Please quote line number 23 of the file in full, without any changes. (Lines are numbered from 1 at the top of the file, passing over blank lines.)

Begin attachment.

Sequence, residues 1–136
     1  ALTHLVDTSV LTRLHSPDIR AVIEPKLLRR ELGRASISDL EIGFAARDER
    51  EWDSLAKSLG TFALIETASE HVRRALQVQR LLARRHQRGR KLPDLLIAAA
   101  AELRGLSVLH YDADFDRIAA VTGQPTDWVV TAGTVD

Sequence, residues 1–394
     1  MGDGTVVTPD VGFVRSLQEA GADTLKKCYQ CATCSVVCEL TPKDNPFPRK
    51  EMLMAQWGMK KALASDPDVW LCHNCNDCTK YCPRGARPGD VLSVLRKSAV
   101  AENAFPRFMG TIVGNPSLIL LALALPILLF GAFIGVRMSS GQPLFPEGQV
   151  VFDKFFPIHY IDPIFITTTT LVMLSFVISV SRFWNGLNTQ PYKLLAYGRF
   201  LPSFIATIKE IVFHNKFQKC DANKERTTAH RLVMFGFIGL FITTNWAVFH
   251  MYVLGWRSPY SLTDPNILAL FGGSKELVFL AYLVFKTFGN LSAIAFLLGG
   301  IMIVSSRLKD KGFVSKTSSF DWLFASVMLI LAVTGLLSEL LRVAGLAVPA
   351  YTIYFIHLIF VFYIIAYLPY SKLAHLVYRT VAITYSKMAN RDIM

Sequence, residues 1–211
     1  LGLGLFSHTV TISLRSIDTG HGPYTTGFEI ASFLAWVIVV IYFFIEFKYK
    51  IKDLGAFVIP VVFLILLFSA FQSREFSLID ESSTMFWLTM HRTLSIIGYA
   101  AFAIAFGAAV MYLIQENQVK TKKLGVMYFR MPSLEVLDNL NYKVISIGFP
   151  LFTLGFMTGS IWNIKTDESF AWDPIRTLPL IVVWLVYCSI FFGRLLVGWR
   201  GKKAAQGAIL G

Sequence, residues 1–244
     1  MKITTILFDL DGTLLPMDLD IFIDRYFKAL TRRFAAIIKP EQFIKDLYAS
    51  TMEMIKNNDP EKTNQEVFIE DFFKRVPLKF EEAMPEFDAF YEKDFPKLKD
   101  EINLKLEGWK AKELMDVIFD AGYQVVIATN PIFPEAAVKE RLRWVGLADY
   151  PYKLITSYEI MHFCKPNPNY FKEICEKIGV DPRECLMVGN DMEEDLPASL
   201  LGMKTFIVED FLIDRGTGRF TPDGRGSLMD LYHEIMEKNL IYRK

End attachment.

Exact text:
   101  EINLKLEGWK AKELMDVIFD AGYQVVIATN PIFPEAAVKE RLRWVGLADY